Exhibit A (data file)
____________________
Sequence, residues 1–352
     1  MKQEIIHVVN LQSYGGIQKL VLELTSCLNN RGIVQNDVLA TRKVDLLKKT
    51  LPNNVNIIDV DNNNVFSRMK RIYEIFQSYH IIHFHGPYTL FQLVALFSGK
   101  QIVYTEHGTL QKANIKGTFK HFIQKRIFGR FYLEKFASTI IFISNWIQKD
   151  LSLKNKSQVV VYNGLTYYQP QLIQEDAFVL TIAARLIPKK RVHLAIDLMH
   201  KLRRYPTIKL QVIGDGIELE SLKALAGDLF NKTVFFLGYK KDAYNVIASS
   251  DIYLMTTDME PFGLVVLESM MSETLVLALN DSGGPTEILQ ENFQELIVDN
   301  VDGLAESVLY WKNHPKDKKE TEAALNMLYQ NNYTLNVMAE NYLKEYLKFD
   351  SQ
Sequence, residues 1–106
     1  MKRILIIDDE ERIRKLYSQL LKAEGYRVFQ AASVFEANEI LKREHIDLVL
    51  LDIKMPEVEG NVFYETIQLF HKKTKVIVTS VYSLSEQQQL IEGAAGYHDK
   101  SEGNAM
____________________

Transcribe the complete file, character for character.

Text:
Sequence, residues 1–352
     1  MKQEIIHVVN LQSYGGIQKL VLELTSCLNN RGIVQNDVLA TRKVDLLKKT
    51  LPNNVNIIDV DNNNVFSRMK RIYEIFQSYH IIHFHGPYTL FQLVALFSGK
   101  QIVYTEHGTL QKANIKGTFK HFIQKRIFGR FYLEKFASTI IFISNWIQKD
   151  LSLKNKSQVV VYNGLTYYQP QLIQEDAFVL TIAARLIPKK RVHLAIDLMH
   201  KLRRYPTIKL QVIGDGIELE SLKALAGDLF NKTVFFLGYK KDAYNVIASS
   251  DIYLMTTDME PFGLVVLESM MSETLVLALN DSGGPTEILQ ENFQELIVDN
   301  VDGLAESVLY WKNHPKDKKE TEAALNMLYQ NNYTLNVMAE NYLKEYLKFD
   351  SQ
Sequence, residues 1–106
     1  MKRILIIDDE ERIRKLYSQL LKAEGYRVFQ AASVFEANEI LKREHIDLVL
    51  LDIKMPEVEG NVFYETIQLF HKKTKVIVTS VYSLSEQQQL IEGAAGYHDK
   101  SEGNAM